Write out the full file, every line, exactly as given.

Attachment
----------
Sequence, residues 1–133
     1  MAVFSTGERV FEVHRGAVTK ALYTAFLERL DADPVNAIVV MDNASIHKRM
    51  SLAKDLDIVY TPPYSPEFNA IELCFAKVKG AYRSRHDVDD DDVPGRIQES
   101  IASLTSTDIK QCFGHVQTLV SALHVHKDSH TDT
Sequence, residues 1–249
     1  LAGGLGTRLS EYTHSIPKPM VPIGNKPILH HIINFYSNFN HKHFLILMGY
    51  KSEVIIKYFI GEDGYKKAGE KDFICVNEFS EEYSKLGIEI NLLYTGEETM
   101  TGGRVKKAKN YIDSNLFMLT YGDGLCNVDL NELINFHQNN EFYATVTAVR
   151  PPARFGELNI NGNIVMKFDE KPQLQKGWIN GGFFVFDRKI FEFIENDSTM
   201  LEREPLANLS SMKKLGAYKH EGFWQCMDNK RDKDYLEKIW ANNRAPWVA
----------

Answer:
Sequence, residues 1–133
     1  MAVFSTGERV FEVHRGAVTK ALYTAFLERL DADPVNAIVV MDNASIHKRM
    51  SLAKDLDIVY TPPYSPEFNA IELCFAKVKG AYRSRHDVDD DDVPGRIQES
   101  IASLTSTDIK QCFGHVQTLV SALHVHKDSH TDT
Sequence, residues 1–249
     1  LAGGLGTRLS EYTHSIPKPM VPIGNKPILH HIINFYSNFN HKHFLILMGY
    51  KSEVIIKYFI GEDGYKKAGE KDFICVNEFS EEYSKLGIEI NLLYTGEETM
   101  TGGRVKKAKN YIDSNLFMLT YGDGLCNVDL NELINFHQNN EFYATVTAVR
   151  PPARFGELNI NGNIVMKFDE KPQLQKGWIN GGFFVFDRKI FEFIENDSTM
   201  LEREPLANLS SMKKLGAYKH EGFWQCMDNK RDKDYLEKIW ANNRAPWVA